The more I think about where the “monetary policy community” of academic elites has brought us, the angrier I get. It’s been a long time since I’ve been this passionately upset about something.
Almost everything the Fed did to us since 2008 falls into two broad categories: interest rate repression and quantitative easing.
Here’s the federal funds rate from 2007 to 2016. The shaded area is what we now call the Great Recession.
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The Federal Open Market Committee entered 2007 with the rate target at 5.25%. They started lowering it in August of that year—months before the economy went into recession. Why was that? Recession or not, many folks weren’t doing well. Even then, there was talk of banks having difficulty… though the worst was yet to come.
Look how fast rates fell. In July 2007, savers could buy Treasury bills, certificates of deposit, or other principal-protected savings instruments and enjoy a 5% or better risk-free yield. Longer-term fixed-income products offered even higher yields.
A year and a half later, the fed funds rate was bumping the zero bound, and savers could make nothing without taking on market risk. Very few wanted to do that at the time because iconic brands were blowing up everywhere.
The Fed ignored demographics
Here is the great irony and possibly the most harmful part of the Fed’s monetary policy initiative. They wanted investors to move out on the risk curve. But did they bother to look at the demographics of this country?
We have a huge bulge of Boomers—retirees and near-retirees—who do not need to be moving out on the risk curve at this time in their lives. They need Steady-Eddie returns, and they need to be reducing their risk, not increasing it.
A sober look at the current economic environment reveals overvalued, overbought, and illiquid markets everywhere. Ultra-low and negative interest rates have created an environment of risk that is looking more and more like a bubble in search of a pin.
By reducing the incomes of retirees and terrifying near-retirees, the Fed successfully reduced economic activity. Hopefully, that was not their intent, but that is what happened.
If and when the economy bursts, it will take the retirement dreams of millions of Americans with it.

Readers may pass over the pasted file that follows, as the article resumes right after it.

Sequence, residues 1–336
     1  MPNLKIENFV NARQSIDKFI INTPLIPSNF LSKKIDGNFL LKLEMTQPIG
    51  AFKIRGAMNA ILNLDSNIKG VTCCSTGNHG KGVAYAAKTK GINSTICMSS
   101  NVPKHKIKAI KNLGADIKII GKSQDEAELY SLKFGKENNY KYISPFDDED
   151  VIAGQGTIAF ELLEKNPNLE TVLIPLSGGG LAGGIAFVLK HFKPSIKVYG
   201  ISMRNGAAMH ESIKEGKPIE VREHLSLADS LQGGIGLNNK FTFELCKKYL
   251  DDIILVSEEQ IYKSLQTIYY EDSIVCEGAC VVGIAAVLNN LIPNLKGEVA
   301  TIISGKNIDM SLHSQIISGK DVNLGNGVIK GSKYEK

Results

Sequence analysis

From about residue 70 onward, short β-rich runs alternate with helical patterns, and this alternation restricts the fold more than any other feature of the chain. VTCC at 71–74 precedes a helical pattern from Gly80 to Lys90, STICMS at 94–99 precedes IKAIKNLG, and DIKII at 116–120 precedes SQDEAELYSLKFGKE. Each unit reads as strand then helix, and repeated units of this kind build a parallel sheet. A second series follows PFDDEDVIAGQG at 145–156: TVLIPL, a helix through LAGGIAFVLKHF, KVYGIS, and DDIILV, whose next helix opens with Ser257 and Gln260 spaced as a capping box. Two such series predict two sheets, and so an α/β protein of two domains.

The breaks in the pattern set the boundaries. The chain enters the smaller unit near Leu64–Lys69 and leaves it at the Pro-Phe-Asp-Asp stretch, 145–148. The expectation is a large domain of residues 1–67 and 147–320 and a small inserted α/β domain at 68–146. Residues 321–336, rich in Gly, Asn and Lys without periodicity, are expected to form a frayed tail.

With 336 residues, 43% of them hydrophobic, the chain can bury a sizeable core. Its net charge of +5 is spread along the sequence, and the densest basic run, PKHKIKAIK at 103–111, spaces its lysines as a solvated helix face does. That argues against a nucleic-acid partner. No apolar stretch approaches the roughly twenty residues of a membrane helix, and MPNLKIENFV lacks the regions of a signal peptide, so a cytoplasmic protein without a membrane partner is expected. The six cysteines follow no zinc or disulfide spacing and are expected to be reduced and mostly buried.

This policy error will affect hundreds of millions of people
From the Fed’s viewpoint, super-low interest rates were economic stimulus. With borrowing costs so low, we were all supposed to race out and buy stuff.
What did happen was the opposite of stimulus, at least for those who were not the direct beneficiaries of quantitative easing. That would be the people who actually wanted to be prudent and save and put money in fixed-income and certificates of deposits.
Remember when you could invest in a CD at 5% to 6%? What a quaint notion.
Companies should have expanded and hired more workers. Homebuilders should have been incentivized to build more McMansions in the suburbs, knowing that qualified buyers would appear like magic. What was supposed to happen was a normal recovery. What we got was the weakest recovery on record.
Not only that, the Fed destroyed the retirement hopes and dreams of tens of millions of my fellow US Boomers. When we include the effects of the destructive policies of the rest of the world’s central banks, the number becomes hundreds of millions.
The secure and protected world our central bankers live in is far removed from that of the American or European middle class retiree. The purity of their theory and the clarity of their economic thought is clearly far more important to them than people’s wellbeing.
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